Resolving this concern is possible when 1) the deployment specific Configuration Signer's certificate is annotated with a customer identifier and 2) the devices sold to that customer have that same identifier encoded into their secure device identifier.

This entails the vendor augmenting its manufacturing process for these special devices, which would likely be sold directly to the customer, as opposed to through a sales channel. This takes extraordinary effort and likely only implemented for the most important customers, if at all.

4. Device

4.1. Overview

While the wholistic solution, ZeroTouch, involves a number of entities, a device being powered-on is the essential event that sets things in motion.

Whenever a device boots with its factory default settings, it initiates ZeroTouch with the goal of finding a configuration to initialize itself with. Once a configuration is found, the device initializes its running datastore with it and then enters normal operation. Since the configuration initializes the device to call home upon entering its normal operating mode, the device immediately begins trying to establish a secure connection with the deployment specific NMS.

4.2. Factory Default State

  |                            <device>                              |
  |                                                                  |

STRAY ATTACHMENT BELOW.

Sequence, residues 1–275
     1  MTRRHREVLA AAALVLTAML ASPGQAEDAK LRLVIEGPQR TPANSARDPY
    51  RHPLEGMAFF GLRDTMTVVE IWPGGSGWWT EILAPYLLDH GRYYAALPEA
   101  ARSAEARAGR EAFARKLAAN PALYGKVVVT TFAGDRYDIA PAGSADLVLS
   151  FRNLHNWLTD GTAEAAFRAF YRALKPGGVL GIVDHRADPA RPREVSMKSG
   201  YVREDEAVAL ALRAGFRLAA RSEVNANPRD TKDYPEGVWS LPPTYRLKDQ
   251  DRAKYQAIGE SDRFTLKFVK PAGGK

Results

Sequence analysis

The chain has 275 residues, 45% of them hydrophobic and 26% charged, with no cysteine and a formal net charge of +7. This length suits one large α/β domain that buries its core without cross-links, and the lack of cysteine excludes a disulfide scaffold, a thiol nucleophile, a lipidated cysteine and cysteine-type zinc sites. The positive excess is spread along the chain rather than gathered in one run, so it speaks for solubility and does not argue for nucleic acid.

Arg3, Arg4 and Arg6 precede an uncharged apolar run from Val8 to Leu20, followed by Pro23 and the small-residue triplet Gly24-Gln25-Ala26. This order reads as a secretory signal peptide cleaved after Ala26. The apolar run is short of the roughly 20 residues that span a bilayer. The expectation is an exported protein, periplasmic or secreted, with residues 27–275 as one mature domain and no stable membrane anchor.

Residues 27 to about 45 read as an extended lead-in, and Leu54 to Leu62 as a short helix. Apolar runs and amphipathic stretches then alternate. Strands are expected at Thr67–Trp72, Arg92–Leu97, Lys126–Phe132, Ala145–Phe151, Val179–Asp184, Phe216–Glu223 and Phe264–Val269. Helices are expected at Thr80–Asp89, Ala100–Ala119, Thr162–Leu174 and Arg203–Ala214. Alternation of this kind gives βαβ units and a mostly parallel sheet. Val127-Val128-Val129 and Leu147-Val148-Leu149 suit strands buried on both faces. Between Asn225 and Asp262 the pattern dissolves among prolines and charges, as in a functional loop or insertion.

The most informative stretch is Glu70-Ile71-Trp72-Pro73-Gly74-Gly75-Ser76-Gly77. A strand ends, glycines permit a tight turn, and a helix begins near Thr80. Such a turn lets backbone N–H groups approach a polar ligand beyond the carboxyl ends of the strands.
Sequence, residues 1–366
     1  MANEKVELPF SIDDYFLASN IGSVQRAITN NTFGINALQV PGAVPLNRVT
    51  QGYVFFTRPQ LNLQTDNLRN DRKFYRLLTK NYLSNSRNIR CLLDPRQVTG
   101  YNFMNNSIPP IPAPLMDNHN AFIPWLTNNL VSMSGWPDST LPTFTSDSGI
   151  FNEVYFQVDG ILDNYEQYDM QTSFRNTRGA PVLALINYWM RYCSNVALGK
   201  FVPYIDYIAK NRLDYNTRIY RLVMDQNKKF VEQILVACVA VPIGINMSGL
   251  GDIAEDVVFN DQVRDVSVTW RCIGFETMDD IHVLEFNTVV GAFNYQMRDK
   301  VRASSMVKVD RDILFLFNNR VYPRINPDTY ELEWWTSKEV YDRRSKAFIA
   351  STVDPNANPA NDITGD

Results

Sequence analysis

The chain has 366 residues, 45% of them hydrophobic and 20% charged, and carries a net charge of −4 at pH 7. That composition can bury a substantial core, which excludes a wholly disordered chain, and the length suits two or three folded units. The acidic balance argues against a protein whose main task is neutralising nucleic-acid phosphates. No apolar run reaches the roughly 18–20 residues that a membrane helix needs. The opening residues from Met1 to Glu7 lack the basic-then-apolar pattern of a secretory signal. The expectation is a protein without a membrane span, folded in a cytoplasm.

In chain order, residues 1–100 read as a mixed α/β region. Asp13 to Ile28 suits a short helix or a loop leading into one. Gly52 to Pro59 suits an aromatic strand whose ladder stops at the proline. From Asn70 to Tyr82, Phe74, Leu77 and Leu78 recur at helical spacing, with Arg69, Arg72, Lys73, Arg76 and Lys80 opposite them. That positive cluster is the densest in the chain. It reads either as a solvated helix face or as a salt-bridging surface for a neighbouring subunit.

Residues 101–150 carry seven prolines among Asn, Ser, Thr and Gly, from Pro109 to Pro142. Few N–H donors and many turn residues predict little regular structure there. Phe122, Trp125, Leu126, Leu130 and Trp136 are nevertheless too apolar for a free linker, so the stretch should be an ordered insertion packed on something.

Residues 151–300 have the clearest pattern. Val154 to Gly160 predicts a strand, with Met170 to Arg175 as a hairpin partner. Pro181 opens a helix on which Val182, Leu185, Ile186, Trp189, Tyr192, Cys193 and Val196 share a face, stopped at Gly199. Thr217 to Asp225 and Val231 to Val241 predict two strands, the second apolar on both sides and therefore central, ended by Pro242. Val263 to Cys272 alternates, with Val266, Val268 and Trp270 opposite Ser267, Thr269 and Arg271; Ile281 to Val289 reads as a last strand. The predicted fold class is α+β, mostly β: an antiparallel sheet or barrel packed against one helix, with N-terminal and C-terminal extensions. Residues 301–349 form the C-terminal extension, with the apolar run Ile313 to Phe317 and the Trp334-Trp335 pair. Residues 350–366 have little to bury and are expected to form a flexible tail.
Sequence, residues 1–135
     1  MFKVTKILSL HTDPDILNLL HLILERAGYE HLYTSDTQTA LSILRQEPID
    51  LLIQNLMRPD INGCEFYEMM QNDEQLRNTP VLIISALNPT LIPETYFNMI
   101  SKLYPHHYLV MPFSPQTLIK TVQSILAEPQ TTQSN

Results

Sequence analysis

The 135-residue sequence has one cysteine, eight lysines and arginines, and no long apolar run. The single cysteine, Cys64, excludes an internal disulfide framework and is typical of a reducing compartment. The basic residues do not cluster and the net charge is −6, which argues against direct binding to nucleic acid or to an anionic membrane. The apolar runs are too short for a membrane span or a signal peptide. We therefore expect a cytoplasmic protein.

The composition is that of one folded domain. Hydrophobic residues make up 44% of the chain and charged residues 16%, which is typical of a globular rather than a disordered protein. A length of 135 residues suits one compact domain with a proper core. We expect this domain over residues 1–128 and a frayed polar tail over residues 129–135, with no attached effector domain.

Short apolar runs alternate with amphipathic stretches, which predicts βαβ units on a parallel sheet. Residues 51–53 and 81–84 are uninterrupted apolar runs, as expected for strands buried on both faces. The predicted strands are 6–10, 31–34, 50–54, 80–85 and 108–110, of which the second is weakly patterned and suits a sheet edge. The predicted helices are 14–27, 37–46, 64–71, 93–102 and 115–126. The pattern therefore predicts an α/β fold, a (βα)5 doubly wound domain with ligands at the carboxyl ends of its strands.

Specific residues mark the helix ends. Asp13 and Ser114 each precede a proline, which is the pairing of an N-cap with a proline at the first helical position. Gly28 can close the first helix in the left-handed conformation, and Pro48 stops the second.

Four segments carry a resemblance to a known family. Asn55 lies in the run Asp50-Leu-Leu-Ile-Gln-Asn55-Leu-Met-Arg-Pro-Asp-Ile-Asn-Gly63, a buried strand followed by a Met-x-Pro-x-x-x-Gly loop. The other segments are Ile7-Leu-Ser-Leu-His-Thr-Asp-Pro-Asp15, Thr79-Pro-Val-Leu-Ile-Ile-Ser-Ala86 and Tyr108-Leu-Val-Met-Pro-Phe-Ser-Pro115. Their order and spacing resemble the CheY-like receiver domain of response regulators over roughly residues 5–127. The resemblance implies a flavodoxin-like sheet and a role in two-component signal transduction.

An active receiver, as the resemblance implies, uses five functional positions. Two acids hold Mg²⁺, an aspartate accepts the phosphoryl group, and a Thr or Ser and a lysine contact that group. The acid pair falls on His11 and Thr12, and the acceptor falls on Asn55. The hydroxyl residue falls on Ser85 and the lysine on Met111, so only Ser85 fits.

|     +------------------------------------------------------+     |
  |     |                <immutable storage>                   |     |
  |     |                                                      |     |
  |     |  list of Configlet Signer trust anchor certificates  |     |
  |     |  list of Configuration Server trust anchor certs     |     |
  |     +------------------------------------------------------+     |
  |                                                                  |
  |   +----------------------------------------------------------+   |
  |   |                    <other storage>                       |   |
  |   |                                                          |   |
  |   |  two sets of Configuration Server URIs                   |   |
  |   |  IDevID entity & associated intermediate certificate(s)  |   |
  |   +----------------------------------------------------------+   |